Studio 07: Feminist Approaches

Edwina Attlee

“Consider relationships of dependence, my sister suggests. ‘You don’t own your body – that’s not what we are, our bodies aren’t independent. The health of our bodies always depends on choices other people are making.’ She falters for a moment here, and is at a loss for words … ‘I don’t even know how to talk about this, she says, ‘the point is there’s an illusion of independence.”
— Eula Biss, On Immunity

“I encouraged them to think of the moment of not understanding what someone says as a space to learn. Such a space provides not only an opportunity to listen without ‘mastery’, without owning or possessing speech through interpretation, but also the experience of hearing non-English words. These lessons seem particularly crucial in a multi-cultural society that remains white supremacist, that uses standard English as a weapon to silence and censor.”
— bell hooks, Teaching to Transgress

A feminist approach recognises that discrimination exists – in spaces of learning as much as in spaces beyond the institution – and affirms that by ignoring it we are culpable of repeating it. In this studio you will be invited to take a feminist approach to your dissertation and its topic, whatever that topic might be. This might mean investigating the work of women within your practice or discipline, or rejecting histories that privilege the single ‘genius’ be it designer, author or artist. It might mean, as Eula Biss suggests, considering your research topic as part of a constellation, looking out towards a wider net of connections than previously considered, or perhaps tying your topic more closely to someone else’s.

In the context of architecture, Marianela D’Aprile calls for investigations into "the history of women’s organisations in architecture and design… or a survey of the design of spaces used predominantly by women (nurseries, domestic violence shelters, single-sex schools)… the majority of women who interact with buildings are not architects; there is more to be gleaned about the role of architecture in women’s lives by looking at their experience" (Marianela D’Aprile). Whatever your focus or background within the school, we will read and work together collaboratively to help you find your own approach.    

bell hooks talks about the importance of welcoming languages beyond English into the seminar room – I would like to do this too; and to think about what this inclusion means; what silences might be undone, what censorship resisted, what new forms created? You might want to join this group to tell a story that has been absent – or you might want to find another way of telling stories.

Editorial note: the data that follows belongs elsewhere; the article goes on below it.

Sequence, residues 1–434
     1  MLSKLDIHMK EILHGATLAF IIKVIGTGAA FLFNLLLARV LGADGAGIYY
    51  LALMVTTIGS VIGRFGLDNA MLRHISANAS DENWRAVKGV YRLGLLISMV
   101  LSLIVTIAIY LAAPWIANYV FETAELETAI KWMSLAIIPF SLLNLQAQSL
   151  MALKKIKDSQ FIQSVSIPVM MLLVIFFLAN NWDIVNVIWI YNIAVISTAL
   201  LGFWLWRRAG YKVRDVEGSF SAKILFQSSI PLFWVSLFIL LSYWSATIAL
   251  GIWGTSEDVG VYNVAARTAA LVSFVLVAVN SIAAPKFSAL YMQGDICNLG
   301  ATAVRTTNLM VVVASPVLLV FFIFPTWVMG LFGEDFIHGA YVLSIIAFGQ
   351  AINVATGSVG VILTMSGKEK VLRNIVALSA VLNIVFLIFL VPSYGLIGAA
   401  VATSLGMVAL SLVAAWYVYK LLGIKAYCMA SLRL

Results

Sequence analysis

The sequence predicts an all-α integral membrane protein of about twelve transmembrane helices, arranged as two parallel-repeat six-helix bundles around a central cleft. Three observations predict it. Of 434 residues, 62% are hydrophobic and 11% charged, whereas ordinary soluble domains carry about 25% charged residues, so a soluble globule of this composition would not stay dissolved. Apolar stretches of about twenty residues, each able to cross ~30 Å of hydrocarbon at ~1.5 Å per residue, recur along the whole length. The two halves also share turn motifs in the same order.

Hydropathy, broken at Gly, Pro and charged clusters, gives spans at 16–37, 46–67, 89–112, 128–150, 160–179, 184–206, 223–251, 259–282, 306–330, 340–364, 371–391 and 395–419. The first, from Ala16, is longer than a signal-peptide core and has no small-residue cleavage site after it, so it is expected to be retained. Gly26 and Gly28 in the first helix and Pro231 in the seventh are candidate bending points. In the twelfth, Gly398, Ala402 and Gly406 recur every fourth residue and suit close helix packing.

Previous dissertations have dealt with topics as wide-ranging as: gender in English skateboarding, the history of zines in the riot grrl movement (focus on Brazil), kitchens as sites of resistance – through a Spanish tortilla cooked by three generations, and myths of masculinity in architecture (focus on the UK workplace). 

Studio bibliography

  • Sadie Plant, Zeros and Ones: Digital Women and the New Technoculture (Harper Collins, 1997)
  • Rozika Parker, The Subversive Stitch: Embroidery and the Making of the Feminine (Bloomsbury, 1984)
  • Michel de Certeau, Luce Giard, Pierre Mayol, The Practice of Everyday Life: Volume 2. Living and Cooking, trans. Timothy J. Tomasik (University of Minnesota Press, 1998)
  • Trinh T. Minh-ha, Woman, Native, Other: Writing Postcoloniality and Feminism (Indiana University Press, 1989)
  • Rebecca May Johnson, Small Fires: An Epic in the Kitchen (Pushkin Press, 2022)
  • Holly Pester, Go to reception and ask for Sara in red felt tip (Test Centre, 2015)
  • Saidiya Hartman, Wayward Lives Beautiful Experiments (Serpent’s Tail, 2019)
  • Dolores Hayden, The Grand Domestic Revolution: A History of Feminist Design for American Homes, Neighbourhoods and Cities (MIT Press, 1981)
  • Leslie Kanes Weisman, Discrimination by Design: A Feminist Critique of the Man-Made Environment (University of Illinois Press, 1992)
  • Annie Ernaux, The Years, trans. Alison L. Strayer (Fitzcarraldo, 2018)


Image: Lubaina Himid’s We Will Be (1985, detail). Banner image: Hans Op de Beeck, Staging Silence (3), video still (detail), 2019

Lubiana Himid, We Will Be


Tutor Edwina Attlee

Dissertation Studios 2022–23